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Thread: 4:3 to 16:9 aspect ratio conversion...THE REAL WAY? HELP!!??

  1. #1

    Default 4:3 to 16:9 aspect ratio conversion...THE REAL WAY? HELP!!??

    Ok so I've been reaserching over and over all over the net trying to find out some info on aspect ratio conversions and well everybody says diffrent things!!! So I figure I can ask this forum for some help since people here really know what there talking about.

    I have a xl1s canon cam and I want to have my final product in 16:9. However, even though my camera shoots in 16:9 aspect ratio most seem to say I'm better off shooting in 4:3 (even in the burns and sawyer video on the xl1s!!) and later converting it because of the fact that its just an animorphic stretch and not true 16:9 widescreen.

    So if anybody knows the "true way" to converting a 4:3 and make the final video 16:9 please help me and post a reply...

    Thanks...

  2. #2
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    the true way would be cropping it out, so you add black borders to the top and bottom, i'd imagine.
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  3. #3
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    Hi,

    Ive been usig the xl1 16:9 mode and actully found it not to be too bad however there is a slight loss in quality because pixels are being streatched. The only other way I know to convert is what the BBC do which is crop or resize the image so its slightly streatched but not as much as the xl1 does. This way you get 16:9 with less quality lost and only abit of black at the sides that you would only notice if you had an underscan monitor.

    Hope this helps you

    Nick
    Full Specs: 3.2 Pentium 4 Processor, 1Gb RAM 80Gb Root Drive, 120Gb Video Drive + another 160Gb external, Adobe Premiere Pro, Pinnacle liquid edition pro, ati radion 256mb

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    Someone please correct me if I'm wrong but this is back to front isn't it?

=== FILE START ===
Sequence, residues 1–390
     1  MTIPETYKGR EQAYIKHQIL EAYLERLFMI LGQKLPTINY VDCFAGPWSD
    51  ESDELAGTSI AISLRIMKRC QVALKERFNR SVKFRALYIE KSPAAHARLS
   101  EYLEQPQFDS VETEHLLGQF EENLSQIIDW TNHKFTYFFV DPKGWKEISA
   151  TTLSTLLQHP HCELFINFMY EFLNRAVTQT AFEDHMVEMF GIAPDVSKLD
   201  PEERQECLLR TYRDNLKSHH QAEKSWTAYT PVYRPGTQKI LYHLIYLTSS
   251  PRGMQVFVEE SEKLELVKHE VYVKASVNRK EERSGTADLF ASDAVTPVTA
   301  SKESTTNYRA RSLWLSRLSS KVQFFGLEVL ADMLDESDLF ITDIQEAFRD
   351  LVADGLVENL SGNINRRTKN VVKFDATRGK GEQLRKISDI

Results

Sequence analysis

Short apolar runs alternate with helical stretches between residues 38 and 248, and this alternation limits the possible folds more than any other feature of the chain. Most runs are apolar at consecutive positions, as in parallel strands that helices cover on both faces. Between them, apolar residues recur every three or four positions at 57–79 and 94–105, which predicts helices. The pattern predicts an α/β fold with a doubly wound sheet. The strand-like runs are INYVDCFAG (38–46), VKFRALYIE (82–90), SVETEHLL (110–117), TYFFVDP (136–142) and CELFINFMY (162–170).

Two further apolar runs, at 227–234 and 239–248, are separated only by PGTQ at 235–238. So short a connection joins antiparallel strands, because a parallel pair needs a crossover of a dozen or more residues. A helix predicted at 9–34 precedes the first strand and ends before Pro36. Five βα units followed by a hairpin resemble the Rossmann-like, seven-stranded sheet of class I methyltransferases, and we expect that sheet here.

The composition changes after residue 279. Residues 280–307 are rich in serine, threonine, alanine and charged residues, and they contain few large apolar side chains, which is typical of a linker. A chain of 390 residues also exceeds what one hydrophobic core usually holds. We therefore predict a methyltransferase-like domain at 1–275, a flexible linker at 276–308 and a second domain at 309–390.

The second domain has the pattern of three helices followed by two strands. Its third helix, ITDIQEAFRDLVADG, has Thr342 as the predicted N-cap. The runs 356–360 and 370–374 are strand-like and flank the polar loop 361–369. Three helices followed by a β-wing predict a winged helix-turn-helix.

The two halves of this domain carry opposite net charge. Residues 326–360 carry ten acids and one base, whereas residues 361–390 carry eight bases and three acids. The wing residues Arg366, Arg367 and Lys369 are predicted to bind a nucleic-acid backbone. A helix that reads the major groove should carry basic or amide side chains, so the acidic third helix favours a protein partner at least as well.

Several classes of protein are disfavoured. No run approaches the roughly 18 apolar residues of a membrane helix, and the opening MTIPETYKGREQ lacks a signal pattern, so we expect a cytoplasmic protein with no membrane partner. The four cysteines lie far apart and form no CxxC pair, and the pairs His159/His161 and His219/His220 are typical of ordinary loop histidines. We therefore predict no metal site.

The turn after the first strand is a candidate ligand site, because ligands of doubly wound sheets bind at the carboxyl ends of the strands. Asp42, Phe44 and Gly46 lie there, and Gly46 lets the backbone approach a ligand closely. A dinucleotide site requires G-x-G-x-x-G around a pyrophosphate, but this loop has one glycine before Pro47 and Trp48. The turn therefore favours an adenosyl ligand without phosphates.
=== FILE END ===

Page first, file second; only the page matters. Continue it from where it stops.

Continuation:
If you shoot 4:3 you will have to crop top and bottom off to get a 16:9 product. When played back on a 16:9 TV you will then have to zoom the result to fit the screen, losing quality.

    Surely you should be shooting 16:9 and then crop the left and right if you ever want/need a 4:3 variation. That way you lose no quality - just the loss of the edges of your shoot.

    Personally, I always shoot 16:9. When I master a DVD the owner can then modify their preferences ont heir set top box to play it as they wish. Either play as an 'enhanced' 16:9 disk, set to pan and scan (letting the DVD player crop off the left and right portions to fit 4:3 screen, or set to letterbox mode (and have black borders top and bottom for the widescreen presentation).

    I've never found a reason yet to deviate from this personal standard.

  5. #5

    Default

    Thanks!!!
    I croped it out and played it back on a tv....looks great! More like film feel and nice picture without pixel stretch which is what i was looking for!


  6. #6

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    Alan Mills,

    Hey I don't think your wrong at all, however I just wanted to have a 16:9 look on a standard tv, since not many people around me have widescreen capability on their tv's. When played on a 16:9 tv though I will definetely have a 16:9 copy of my same movie. Just trying to get the film look for now. But if there is any other idea's out there for making this possible for a better quality outcome share the knowledge we all need to know various ways to get things done in this industry!

  7. #7
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    i thought exactly what Alan Mills said.

    But I think I get what you mean now.
    You want 16:9 but to be played on 4:3 normal tv's.

    You can render the 16:9 in tmpeg so on 16:9 it auto letterbox's
    no need to crop and stuff.

  8. #8
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    Why do all this fancy encoding to achieve this result, only to have to do a different type of encoding to watch on a widescreen TV?

    Just build a standard widescreen DVD and let the DVD player letterbox it, just as you have it do to those DVDs you buy in the shops. This should be no different. That way you don't have two master disks depending on what type of TV you have.

    I've not found a DVD player yet that won't autmagically 'letterbox' a widescreen production for display on a 4:3 screen. Save youself soem work and let the h/w do it.

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    Playstations 2 have a hard time with it. But that's all.

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    As far as I know, PS2s don't natively play DVD Rs anyway.

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